Double the fun: an Uys showdown

Pieter Dirk Uys as himself and as Tannie Evita Bezuidenhout in #HeTwo: Evita Exposed.

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Stage: #HeTwo: Evita Exposed – Durban’s Elizabeth Sneddon Theatre (from November 19 to 24)
REVIEW BY BILLY SUTER
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THE grand master/dame of South African satire, like that grand ol’ Mississippi River, just keeps rolling along…

Living legend Pieter-Dirk Uys, who turned 74 in September, shows no signs of slowing down in his new touring show, #He Two: Evita Exposed, which, for the first time, has him and his alter-ego of 38 years, Evita Bezuidenhout, on stage at the same time.

They reflect on their times together, their successes and the people with whom they have crossed, and continue to cross, paths. And what a treat that all proves, as they heckle one another and continually nudge and wink in a fascinating retrospective of their conjoined careers.

With Evita appearing in the flesh or on a suspended screen – in both new and historical film footage dating back to the late 1970s – she and Uys continually nudge and wink in a fascinating showdown that sometimes has them and the audience questioning exactly where reality and fake news begin and end.

They loosely chronicle their times in the spotlight, relaying anecdotal moments involving TV shows, awards ceremonies and awkward situations. They also nod to just about everyone from Nelson Mandela, P W Botha, Piet Koornhof and Pik Botha, to Tannie’s kugel sister Noelle Fine, her gardener/lover Nimrod, and Tannie’s sweet Cape Malay maid.

On a stage bare but for a small table and chair alongside a suspended screen, we first meet Uys in a curly grey wig and scarf, as David Attenborough, presiding over the funeral of Tannie Evita, and making animalistic references. It is stated under a photo of South Africa’s most famous white woman, that she graced the Earth from 1935 to 2019 (yes, Pieter-Dirk has always said Evita is 10 years his senior).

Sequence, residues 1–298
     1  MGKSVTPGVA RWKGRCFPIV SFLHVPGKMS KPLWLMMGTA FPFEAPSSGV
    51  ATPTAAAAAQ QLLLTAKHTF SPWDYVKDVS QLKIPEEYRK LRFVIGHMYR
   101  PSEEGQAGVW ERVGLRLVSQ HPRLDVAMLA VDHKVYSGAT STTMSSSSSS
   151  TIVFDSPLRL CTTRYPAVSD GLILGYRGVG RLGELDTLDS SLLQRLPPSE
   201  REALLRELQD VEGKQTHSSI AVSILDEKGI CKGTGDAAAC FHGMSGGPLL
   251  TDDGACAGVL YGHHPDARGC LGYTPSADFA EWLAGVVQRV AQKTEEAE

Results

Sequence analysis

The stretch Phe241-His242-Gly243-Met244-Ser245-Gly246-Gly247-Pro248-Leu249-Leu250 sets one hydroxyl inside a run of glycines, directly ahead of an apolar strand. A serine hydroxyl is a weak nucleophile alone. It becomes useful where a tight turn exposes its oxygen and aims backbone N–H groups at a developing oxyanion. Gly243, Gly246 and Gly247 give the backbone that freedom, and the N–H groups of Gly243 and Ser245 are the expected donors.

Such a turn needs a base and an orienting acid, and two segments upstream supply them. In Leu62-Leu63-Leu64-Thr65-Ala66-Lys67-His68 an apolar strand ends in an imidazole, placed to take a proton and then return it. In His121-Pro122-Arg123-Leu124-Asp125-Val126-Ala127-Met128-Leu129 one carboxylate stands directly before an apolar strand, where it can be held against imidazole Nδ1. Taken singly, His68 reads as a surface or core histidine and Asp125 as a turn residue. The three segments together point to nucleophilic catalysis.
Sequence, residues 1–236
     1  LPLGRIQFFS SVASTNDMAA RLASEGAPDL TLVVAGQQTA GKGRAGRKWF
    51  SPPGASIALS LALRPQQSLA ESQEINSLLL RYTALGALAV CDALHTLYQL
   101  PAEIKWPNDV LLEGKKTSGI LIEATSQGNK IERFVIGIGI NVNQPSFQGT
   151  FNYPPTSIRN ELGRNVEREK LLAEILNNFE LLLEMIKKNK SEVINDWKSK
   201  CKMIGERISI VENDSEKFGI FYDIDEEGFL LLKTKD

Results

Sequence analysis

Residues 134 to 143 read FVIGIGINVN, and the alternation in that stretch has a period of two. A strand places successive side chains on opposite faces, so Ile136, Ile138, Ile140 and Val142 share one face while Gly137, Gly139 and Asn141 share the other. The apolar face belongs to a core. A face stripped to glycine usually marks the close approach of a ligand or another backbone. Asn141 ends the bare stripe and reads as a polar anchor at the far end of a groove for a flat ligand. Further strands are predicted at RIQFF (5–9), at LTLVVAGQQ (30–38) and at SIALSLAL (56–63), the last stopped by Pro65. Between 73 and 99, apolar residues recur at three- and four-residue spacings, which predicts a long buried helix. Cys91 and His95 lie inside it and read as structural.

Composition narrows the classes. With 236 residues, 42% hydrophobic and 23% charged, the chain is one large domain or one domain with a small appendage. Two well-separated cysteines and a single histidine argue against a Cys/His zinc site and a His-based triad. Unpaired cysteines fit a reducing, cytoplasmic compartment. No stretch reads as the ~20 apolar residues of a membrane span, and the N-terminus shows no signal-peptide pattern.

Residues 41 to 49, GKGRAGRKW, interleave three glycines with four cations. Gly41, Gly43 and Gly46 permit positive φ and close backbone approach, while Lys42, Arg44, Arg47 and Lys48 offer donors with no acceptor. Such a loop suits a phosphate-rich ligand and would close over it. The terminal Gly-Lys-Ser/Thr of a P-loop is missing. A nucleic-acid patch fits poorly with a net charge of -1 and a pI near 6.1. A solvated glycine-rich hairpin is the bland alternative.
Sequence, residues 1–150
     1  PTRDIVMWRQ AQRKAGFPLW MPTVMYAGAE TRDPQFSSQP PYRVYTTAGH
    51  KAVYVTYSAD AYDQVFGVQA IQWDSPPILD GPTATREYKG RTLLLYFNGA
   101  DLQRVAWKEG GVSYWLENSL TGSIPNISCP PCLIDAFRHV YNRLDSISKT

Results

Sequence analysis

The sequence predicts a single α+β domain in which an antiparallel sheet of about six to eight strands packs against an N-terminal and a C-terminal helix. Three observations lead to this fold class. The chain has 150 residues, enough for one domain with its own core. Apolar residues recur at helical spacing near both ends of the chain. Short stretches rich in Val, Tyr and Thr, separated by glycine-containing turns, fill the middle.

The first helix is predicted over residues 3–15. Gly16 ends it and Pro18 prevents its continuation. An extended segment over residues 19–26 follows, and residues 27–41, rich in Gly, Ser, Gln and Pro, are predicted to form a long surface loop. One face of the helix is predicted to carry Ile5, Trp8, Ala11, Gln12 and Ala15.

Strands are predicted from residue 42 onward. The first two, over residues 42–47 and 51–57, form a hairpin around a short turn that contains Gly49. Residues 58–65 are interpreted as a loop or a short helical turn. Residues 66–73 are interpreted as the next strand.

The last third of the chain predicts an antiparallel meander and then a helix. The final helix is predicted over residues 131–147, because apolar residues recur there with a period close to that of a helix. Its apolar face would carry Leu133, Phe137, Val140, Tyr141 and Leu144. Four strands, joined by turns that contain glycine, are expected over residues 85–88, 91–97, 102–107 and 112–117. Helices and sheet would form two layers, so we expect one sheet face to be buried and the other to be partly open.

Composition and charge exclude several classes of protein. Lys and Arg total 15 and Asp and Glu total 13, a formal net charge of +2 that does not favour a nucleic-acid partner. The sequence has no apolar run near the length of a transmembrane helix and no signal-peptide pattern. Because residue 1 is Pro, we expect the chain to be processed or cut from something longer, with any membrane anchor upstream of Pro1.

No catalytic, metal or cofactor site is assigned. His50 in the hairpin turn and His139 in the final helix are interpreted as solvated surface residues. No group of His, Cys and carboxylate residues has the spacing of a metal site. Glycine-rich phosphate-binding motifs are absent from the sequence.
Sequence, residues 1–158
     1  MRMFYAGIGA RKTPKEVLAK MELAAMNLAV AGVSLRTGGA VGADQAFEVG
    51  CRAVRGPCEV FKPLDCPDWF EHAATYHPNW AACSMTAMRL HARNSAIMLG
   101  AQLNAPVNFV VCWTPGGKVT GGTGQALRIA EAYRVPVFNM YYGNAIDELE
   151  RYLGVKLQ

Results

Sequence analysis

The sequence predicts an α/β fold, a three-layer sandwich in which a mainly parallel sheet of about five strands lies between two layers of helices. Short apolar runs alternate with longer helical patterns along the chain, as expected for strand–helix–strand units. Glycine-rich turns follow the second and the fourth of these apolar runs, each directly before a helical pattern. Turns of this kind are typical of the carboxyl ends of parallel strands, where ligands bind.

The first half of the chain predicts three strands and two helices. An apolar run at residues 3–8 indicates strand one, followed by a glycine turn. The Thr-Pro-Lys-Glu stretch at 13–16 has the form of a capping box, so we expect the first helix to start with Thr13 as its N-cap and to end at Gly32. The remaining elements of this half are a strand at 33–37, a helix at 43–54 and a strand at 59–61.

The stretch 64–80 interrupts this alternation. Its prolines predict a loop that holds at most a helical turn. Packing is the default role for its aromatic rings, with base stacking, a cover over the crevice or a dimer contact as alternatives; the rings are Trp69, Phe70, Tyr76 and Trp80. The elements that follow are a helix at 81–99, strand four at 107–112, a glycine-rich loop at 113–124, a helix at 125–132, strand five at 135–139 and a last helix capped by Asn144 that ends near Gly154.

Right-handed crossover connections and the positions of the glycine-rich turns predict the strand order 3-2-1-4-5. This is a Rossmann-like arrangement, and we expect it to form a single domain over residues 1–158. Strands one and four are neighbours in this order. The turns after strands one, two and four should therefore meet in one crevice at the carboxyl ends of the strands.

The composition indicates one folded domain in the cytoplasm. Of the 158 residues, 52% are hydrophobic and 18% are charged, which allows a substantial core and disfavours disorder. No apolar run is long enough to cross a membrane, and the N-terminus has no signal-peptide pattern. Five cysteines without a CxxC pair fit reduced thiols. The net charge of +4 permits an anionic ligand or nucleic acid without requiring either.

It isn’t long, however, before both Evita and Pieter-Dirk make it clear that the old girl is still very much alive and, well-ja, kicking! Not easily, nor quietly, is this icon of the African South, the queen of koeksusters and bobotie, going to quietly disappear.

During the course of the next hour-plus, without an interval, the audience is entertained with fascinating film footage and a delightful series of sketches, with quick costume changes, that explain why both Uys and Tannie have become widely adored, honoured, feared and loved while becoming a part of South African history.

The audience is treated to delicious entertainment that positively crackles with mickey-takes, spot-on impersonations, observational humour, stabbing wit and, with references both old and bang up to the minute, as much nuanced food for thought as tickle for the funnybone.

It is an outpouring of memories and memory-making that no fan can afford to miss, and which amounts to a great précis for any newcomer to this legend’s clout. Long may both Pieter-Dirk and Evita reign!

Booking is at Computicket.


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